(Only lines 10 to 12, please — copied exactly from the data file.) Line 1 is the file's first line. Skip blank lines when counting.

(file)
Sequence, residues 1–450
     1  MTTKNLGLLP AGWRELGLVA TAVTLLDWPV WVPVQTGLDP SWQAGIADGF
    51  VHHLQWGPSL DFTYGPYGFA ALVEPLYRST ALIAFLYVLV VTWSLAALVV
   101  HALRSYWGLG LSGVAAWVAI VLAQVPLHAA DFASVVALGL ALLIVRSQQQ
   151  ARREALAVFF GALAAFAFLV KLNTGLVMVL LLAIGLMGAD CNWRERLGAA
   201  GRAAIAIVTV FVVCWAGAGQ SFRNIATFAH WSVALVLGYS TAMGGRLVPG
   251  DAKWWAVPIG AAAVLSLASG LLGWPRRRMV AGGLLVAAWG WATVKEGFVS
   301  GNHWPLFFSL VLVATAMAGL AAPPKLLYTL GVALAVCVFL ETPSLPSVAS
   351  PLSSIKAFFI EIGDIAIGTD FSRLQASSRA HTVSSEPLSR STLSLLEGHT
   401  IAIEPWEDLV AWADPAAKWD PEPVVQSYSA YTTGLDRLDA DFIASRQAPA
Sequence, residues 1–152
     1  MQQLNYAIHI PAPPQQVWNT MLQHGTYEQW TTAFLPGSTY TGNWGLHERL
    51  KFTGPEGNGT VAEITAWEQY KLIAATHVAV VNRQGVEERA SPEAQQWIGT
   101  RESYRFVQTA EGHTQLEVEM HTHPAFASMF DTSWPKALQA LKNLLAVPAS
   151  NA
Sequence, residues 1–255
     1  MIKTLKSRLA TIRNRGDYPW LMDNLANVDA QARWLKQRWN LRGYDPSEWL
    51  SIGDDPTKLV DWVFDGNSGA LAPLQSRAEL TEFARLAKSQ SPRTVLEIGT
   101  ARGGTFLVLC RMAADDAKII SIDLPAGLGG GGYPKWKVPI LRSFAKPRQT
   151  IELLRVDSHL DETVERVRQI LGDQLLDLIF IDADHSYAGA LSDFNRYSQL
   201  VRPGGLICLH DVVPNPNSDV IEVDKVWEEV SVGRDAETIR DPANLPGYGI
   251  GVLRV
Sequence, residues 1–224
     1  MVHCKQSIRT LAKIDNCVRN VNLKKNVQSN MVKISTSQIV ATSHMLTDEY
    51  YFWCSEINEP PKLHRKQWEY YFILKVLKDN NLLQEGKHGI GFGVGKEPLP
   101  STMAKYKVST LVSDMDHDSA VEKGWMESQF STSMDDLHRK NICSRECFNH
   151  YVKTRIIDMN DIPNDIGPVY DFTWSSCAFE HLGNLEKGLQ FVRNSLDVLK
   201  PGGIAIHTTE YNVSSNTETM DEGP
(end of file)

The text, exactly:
   401  IAIEPWEDLV AWADPAAKWD PEPVVQSYSA YTTGLDRLDA DFIASRQAPA
Sequence, residues 1–152
     1  MQQLNYAIHI PAPPQQVWNT MLQHGTYEQW TTAFLPGSTY TGNWGLHERL